But three years after Roche's show of manly resolve, a wayward sporting genius in the Higgins mode turned up during another Italian summer and ripped up the etiquette rulebook. As the Italia '90 World Cup finals played out, 23-year-old Paul Gascoigne emerged as a true star, raising hopes (in his native land anyway) that England could even win the contest. But when Gascoigne received his second yellow card of the tournament in the semi-final, the realisation that he'd miss the final if England got there set him off bawling his eyes out.
In that moment, Paul Gascoigne was transformed from being merely a marvellous footballer to a cultural icon. His outburst became so iconic that it was first lampooned in one of Spitting Image's most memorable sketches, and was later sent up by Gazza himself in a TV advert for Walkers Crisps.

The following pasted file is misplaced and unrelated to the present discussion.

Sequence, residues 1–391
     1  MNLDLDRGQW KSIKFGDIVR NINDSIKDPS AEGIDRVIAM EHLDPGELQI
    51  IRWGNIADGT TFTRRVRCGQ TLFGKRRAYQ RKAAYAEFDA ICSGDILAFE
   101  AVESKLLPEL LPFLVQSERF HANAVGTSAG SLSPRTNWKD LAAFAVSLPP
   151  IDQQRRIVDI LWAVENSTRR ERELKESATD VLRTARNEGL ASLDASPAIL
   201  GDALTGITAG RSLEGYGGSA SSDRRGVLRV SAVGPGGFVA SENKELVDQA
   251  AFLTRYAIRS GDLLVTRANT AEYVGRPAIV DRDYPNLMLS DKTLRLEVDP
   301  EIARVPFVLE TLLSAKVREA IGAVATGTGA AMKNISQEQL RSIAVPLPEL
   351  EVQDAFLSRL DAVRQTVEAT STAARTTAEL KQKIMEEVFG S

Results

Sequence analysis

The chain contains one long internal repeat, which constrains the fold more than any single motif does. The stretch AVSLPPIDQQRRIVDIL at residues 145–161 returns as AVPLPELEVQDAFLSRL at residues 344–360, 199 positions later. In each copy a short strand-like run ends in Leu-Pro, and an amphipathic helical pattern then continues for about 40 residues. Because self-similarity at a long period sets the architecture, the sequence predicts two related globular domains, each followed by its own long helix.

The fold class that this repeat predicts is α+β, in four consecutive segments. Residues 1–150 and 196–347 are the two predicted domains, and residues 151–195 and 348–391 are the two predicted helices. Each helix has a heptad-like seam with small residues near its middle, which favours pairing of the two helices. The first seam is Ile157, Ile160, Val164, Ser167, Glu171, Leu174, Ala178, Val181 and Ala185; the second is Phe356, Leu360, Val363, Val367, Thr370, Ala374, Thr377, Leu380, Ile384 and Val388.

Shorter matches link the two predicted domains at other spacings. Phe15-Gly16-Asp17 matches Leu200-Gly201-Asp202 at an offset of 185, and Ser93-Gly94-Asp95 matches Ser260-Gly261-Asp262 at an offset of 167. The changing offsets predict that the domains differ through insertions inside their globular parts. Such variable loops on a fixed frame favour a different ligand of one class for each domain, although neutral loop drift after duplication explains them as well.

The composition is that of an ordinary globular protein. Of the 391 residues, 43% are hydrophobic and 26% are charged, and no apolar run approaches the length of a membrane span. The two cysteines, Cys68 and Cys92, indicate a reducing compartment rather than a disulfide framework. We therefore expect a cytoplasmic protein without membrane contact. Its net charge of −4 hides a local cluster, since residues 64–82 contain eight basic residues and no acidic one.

The deeper societal meaning of the Gazza episode has been endlessly analyzed, with one learned commentator concluding: "Gazza in 1990 made us realize what a heady brew could be concocted from sports and tears.
"After all, the essence of sport is control, be it of oneself or a ball, and, at its best, physical control is dazzling to watch. But it is not often profoundly moving. If, however, it is followed by a display of emotional vulnerability, if we are moved as well as dazzled, then we really have our money's worth."
That may be pure psychobabble, but if it does come down to the public getting their money's worth, males in the public eye have been increasingly ready and willing to put up their part of the contract.
Cristiano Ronaldo cried on the pitch after his Portugal team were dumped out of the 2006 World Cup Finals. American basketball legend Michael Jordan stands 6'6'' and weighs 16 stone, but his tears on winning his first championship lent him the image of a gentle giant.
When rank outsider Ben Curtis won golf's Open Championship in 2003, he made an immediate splash on the world stage with a good blub into the microphone, proclaiming his love for his fiancé and family, followed by a couple of faltering steps backwards to mop his tears. Even the fearsome Mike Tyson got in on the act, and footage exists of him shedding a tear on the shoulder of one of his trainers.